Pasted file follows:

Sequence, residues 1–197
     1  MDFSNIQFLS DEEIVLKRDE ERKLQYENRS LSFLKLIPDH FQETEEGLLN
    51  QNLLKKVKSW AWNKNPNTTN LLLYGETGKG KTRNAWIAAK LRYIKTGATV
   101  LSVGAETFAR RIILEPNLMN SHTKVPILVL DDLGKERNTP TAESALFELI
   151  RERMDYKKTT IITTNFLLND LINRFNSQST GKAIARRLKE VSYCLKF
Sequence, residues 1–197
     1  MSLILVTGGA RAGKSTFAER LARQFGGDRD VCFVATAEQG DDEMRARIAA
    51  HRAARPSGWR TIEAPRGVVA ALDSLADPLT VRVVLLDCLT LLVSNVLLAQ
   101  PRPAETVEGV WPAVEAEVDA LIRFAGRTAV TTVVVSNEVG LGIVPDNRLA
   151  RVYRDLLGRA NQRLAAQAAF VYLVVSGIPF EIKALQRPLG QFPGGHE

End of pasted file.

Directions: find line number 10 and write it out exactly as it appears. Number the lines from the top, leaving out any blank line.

   151  RVYRDLLGRA NQRLAAQAAF VYLVVSGIPF EIKALQRPLG QFPGGHE